Hawkeye Service Breaks cancels student trips

Hawkeye Service Breaks, a UI program that sends students around the country each year to work with nonprofits, has canceled all spring break trips this year due to the coronavirus.


Thomas A. Stewart

The Old Capital is seen on Wednesday, October 17, 2018.

Brooklyn Draisey, Managing Editor

While the University of Iowa has not university-suspended domestic travel, one UI program has canceled service trips due to concerns about the coronavirus.

Hawkeye Service Breaks announced Wednesday that all future service break trips were canceled. The program seeks to immerse students in service learning while promoting social justice and community building.

Students were set to leave Saturday and return March 19, during the course of the University of Iowa’s spring break. Office of Leadership, Service, and Civic Engagement Coordinator Charlotte Brown said 177 people in total were going to travel, including 12 student leaders and 12 instructors.

Groups were scheduled to travel to these cities:

  • Atlanta
  • Biloxi, Mississippi
  • Dallas
  • Denver
  • Detroit
  • Indianapolis
  • Kansas City, Missouri
  • Little Rock
  • Louisville
  • Memphis
  • Milwaukee
  • Louis

As a course-credit-earning trip, Hawkeye Service Breaks, Brown said students could do an alternative assignment to receive credit. The program leaders are currently working to figure out what those alternatives will look like, she added.

“We’re working on developing what that looks like right now and should have clear answers that we’ll communicate with students in the following days,” Brown said.

Students also paid a course fee, which Brown said the program is “looking into” when asked if participants would be reimbursed. They will communicate with students on that in the coming days.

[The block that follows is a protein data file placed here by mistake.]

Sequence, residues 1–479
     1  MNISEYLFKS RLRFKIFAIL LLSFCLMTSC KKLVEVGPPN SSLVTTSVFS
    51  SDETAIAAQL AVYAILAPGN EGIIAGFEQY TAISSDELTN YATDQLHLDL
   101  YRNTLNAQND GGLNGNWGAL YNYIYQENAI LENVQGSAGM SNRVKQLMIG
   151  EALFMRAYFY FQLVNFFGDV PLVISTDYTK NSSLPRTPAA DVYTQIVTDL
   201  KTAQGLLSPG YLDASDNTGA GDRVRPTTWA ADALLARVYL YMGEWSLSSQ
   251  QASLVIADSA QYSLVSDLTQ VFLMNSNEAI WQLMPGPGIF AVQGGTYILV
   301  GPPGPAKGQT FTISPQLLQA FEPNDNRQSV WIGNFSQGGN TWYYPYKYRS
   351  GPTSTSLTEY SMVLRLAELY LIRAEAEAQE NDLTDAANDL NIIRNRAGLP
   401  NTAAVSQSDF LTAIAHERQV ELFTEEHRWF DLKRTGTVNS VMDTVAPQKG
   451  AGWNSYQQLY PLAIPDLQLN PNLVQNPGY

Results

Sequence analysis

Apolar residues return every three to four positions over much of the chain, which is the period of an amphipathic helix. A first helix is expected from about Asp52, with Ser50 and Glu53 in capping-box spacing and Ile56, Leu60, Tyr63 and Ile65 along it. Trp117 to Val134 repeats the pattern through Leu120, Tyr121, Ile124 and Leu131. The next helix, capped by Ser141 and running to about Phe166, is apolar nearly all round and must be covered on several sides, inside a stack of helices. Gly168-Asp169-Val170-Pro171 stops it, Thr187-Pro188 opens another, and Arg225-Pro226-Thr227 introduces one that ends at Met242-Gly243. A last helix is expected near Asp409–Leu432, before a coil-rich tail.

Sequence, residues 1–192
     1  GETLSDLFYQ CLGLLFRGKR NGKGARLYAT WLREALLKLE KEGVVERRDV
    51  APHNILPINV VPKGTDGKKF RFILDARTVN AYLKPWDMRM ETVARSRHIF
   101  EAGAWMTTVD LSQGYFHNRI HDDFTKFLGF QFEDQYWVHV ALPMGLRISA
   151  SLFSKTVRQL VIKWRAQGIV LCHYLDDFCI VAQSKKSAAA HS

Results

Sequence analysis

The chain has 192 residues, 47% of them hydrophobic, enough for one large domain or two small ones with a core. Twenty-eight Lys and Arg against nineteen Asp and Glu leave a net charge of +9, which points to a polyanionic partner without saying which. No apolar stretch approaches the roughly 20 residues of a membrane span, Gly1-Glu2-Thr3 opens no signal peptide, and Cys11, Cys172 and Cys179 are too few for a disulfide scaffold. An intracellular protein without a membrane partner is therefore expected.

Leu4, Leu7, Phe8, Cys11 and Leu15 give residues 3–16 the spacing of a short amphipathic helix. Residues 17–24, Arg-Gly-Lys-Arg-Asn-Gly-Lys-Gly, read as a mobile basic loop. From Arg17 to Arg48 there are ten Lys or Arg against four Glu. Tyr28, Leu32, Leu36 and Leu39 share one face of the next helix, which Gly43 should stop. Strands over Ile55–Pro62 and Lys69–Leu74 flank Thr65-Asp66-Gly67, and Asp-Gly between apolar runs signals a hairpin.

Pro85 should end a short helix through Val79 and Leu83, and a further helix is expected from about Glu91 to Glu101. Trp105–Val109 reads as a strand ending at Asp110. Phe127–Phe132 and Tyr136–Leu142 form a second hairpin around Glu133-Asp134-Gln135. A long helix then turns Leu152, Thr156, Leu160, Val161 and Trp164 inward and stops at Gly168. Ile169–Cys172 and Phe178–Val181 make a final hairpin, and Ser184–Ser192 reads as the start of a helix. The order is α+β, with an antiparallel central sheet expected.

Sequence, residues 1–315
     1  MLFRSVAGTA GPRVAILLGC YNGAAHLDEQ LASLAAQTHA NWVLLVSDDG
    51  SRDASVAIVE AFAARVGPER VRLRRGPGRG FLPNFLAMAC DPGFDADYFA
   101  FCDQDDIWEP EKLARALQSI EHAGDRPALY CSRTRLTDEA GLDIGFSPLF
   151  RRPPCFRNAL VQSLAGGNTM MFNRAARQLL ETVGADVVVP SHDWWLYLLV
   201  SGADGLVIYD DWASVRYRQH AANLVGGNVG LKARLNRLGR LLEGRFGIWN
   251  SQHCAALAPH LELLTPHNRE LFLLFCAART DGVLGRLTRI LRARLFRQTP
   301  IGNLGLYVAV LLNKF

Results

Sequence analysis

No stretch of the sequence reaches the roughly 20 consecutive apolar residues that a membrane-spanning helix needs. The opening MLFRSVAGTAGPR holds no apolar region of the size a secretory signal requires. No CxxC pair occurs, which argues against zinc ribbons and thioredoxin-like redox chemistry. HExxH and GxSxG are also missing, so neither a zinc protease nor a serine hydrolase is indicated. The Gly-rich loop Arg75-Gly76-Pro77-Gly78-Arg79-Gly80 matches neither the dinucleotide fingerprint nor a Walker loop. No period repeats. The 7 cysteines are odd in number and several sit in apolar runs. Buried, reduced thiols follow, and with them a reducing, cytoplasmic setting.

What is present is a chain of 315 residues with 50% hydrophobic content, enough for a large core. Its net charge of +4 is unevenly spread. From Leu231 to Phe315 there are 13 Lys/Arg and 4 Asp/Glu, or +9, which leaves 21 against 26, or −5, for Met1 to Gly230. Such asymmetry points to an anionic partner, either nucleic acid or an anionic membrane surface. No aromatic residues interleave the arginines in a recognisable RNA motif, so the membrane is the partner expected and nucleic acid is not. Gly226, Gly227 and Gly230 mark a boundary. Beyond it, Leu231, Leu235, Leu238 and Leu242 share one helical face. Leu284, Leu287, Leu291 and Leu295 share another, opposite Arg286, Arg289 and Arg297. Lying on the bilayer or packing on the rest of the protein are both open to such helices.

UI junior Michael Aragon-Jaques, a student leader who was going to travel to St. Louis to work with nonprofits with a focus on education equity, said the Hawkeye Service Breaks Executive Board consulted with student leaders before ultimately deciding to cancel the trips.

Aragon-Jaques said he and other students were disappointed to learn they wouldn’t be going, but he understood that students’ safety is the most important thing. Brown agreed, saying the health of those going and the people in the communities they would be interacting with were paramount.

Leaders in the program have been planning the trips since August, and students have been learning about the communities they would be visiting since the beginning of the semester.

“The risk outweighed the precautions that we could take in ensuring our participants’ health and safety on the trip,” Aragon-Jaques said.

Abigail Dickson was supposed to go to Milwaukee to collaborate with nonprofits on urban housing, but said she’s staying at home in Iowa City and not planning on doing anything specific since she already took off work. The UI senior said she’s disappointed, but understands their reasons for canceling. Before she learned they were nixing the trip, she said she was most worried about carrying the virus to others.

“I was looking forward to the trip, and I think the hysteria is very strong right now, but I understand why they did it,” Dickson said.

Communication between the program and students has been good, Dickson said, but they didn’t really start talking about the coronavirus until this week. She plans to do an alternative assignment over break.

Brown said students can see this as a learning experience and look at how active citizenship works in the face of a pandemic.

“Our goal is that all the participants in the leaders still get something beneficial out of the experience we’ve had this semester and can learn and continue their growth as active citizens, because it’s not just about one week anyway, it’s about how we care for our communities all year round,” Brown said.

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